Last month I posted an article called "Deadheading (Or Things My Mother Told Me)".
At the time, I didn't have any examples to illustrate what I was talking about, but yesterday, as I walked through one of my three Buck "Earth Song" beds, finishing up the process on some canes and snapping spent blooms off others, I saw a couple of perfect examples of what I want to show you about my somewhat different deadheading process, which, as I mentioned previously, goes back many generations to my parents' rosarian/agrarian roots in Europe. Also, please note that this method was recommended in an American Rose article a few years ago.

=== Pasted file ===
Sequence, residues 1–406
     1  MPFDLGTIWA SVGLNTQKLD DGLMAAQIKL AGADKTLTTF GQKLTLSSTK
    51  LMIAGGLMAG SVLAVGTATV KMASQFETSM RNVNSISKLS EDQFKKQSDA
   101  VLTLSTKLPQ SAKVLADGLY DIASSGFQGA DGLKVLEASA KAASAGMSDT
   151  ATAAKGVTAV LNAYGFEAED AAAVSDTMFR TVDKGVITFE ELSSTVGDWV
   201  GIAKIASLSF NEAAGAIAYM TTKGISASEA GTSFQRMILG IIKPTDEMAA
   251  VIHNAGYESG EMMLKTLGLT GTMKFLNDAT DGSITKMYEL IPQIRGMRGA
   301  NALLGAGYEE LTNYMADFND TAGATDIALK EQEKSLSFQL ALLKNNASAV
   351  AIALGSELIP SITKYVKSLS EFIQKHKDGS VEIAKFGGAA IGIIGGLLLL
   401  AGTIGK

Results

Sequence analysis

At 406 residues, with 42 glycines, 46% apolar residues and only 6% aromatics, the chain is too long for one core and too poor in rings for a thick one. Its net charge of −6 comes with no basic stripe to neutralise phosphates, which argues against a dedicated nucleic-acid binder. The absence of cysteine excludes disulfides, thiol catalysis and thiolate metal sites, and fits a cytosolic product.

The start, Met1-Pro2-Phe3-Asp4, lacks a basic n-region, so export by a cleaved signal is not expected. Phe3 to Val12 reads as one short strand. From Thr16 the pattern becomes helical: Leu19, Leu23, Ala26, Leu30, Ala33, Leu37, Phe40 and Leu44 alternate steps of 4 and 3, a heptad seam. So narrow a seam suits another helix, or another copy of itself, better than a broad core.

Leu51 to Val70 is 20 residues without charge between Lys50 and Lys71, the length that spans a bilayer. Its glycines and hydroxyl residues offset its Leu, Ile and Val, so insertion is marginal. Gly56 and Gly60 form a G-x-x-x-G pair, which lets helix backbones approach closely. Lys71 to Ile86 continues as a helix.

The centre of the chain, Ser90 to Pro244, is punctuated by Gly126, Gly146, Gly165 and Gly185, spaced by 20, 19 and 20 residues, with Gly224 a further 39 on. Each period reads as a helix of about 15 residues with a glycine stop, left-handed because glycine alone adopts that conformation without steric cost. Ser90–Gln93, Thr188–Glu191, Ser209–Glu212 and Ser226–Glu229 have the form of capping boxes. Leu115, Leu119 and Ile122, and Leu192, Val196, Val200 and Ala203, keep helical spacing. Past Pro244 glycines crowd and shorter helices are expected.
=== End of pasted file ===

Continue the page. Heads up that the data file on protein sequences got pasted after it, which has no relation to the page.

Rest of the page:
Here are the pictures I snapped yesterday with my iPhone. Note the strong new growth jumping out right below the stems that I left on the plants on my initial deadheading pass a week or two ago. If I had cut those canes back further initially, all of that strong, new growth would have been eliminated. As soon as I snapped these pictures, I snipped off the old stems just above the new growth. Using this method, I now have Buck "Earth Song" and "Carefree Beauty" roses topping six feet tall.
As usual, a picture is worth a thousand words!